How many Star Wars films did George Lucas plan? According to Dan Golding in his recent book Star Wars After Lucas, this depends on when Lucas was asked.
The often-quoted number is nine, but it might wind up being as many as 12. How ever many he planned, we know he planned them in threes.
Today’s release of The Rise of Skywalker, directed by J.J. Abrams, marks the end of the third trilogy in the franchise.
But where does the trilogy story form come from?
Changing the world
Trilogy is a very old form. The earliest known example is Aeschylus’ Oresteia, which tells a story of revenge and change in law following Agamemnon’s return home from the Trojan war. It was first performed in Athens 2500 years ago.
In the first play, Agamemnon is murdered by his wife Clytemnestra as revenge for the sacrifice of their daughter. In the second play, their son Orestes murders his mother, to avenge his father’s death.
In the final play of the trilogy – with no more family members remaining to avenge Clytemnestra’s death – Orestes is put on trial in front of an Athenian jury. Also the first ever courtroom drama, Aeschylus used this third play to twist the story world set up in the first two plays.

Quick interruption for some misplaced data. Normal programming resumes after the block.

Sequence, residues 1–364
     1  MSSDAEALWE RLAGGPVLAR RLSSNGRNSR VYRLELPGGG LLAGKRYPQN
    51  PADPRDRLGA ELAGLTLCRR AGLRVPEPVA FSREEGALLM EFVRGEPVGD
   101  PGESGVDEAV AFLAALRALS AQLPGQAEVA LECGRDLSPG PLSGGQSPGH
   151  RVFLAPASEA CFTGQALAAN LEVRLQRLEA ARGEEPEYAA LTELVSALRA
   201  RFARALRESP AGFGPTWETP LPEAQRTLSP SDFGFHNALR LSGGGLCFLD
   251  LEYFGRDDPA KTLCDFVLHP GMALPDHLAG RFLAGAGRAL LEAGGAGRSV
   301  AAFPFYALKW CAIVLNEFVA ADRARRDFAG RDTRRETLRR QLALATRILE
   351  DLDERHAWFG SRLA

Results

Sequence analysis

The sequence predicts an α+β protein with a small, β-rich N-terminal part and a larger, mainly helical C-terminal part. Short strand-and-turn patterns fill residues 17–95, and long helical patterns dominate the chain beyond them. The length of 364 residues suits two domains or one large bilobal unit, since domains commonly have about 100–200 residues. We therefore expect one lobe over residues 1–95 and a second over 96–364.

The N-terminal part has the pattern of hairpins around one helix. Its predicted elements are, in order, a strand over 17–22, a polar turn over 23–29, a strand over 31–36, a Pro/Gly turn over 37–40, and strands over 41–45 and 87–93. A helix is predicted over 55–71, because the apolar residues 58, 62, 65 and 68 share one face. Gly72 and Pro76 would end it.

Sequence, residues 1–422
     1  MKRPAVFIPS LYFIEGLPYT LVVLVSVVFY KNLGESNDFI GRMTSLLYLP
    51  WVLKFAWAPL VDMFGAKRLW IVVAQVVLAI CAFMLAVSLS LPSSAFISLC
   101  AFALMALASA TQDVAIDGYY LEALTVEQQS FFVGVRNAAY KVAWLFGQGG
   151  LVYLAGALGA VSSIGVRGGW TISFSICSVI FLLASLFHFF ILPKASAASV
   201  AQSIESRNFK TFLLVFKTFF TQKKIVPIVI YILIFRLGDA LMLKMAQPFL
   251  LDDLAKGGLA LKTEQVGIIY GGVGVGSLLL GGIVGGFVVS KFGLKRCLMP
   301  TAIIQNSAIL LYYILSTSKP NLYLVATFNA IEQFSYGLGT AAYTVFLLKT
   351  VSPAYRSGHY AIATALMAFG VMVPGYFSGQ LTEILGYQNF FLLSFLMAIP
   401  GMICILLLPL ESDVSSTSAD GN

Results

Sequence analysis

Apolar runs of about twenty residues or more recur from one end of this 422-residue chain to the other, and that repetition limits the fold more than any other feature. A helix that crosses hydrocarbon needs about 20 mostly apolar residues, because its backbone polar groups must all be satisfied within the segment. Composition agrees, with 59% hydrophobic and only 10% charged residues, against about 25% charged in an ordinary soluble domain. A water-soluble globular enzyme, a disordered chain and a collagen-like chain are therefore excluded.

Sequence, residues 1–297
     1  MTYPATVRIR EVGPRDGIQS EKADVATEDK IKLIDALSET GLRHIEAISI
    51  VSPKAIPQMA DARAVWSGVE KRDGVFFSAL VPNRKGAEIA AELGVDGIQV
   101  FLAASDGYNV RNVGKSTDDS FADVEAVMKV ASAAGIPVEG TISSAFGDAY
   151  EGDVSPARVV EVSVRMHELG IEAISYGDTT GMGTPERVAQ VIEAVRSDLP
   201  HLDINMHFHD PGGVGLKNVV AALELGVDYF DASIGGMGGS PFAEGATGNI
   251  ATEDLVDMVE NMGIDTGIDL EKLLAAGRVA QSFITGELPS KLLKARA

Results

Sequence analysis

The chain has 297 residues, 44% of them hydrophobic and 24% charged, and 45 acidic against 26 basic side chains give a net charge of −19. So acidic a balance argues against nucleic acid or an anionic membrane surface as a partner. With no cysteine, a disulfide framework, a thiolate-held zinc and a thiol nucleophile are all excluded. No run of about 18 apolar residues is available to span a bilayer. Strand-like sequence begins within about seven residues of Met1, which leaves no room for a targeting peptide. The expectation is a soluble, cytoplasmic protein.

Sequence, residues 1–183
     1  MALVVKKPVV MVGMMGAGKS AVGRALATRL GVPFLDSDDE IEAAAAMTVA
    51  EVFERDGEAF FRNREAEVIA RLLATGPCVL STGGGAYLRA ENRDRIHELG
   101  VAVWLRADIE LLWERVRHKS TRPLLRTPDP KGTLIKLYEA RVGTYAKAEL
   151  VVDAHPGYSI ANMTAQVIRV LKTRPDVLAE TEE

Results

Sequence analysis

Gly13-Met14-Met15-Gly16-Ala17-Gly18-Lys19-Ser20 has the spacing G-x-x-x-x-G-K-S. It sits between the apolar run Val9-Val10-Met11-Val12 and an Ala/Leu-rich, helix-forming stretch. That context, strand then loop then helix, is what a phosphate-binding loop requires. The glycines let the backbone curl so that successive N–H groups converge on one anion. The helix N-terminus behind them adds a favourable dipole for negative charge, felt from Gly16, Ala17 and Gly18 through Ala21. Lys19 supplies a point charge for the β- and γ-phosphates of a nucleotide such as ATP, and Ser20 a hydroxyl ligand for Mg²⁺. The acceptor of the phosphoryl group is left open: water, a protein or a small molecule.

A hallmark of the trilogy genre is the shift in the final part, with a revolution (as in The Hunger Games) or a restoration (as in Isaac Asimov’sFoundation). In linking three individual texts, there is a fourth, monumental, overarching story.
In the first two Star Wars trilogies, we followed Luke Skywalker’s journey to becoming a Jedi (Episodes IV-VI) and Anakin Skywalker’s journey to the Dark Side (Episodes I-III).
The current trilogy (Episodes VII-IX), so far, has expanded this overarching narrative even further: a hero’s journey in Rey, mimicking Luke’s journey to becoming a Jedi; and an anti-hero’s journey as Kylo Ren following the same path as Anakin.
I drive a lot of different vehicles when I need to get around, but I'm always a little worried when it's time to fill them up. Will something happen if I use 91 instead of 95, or vice versa? This thread at StackExchange answers the question.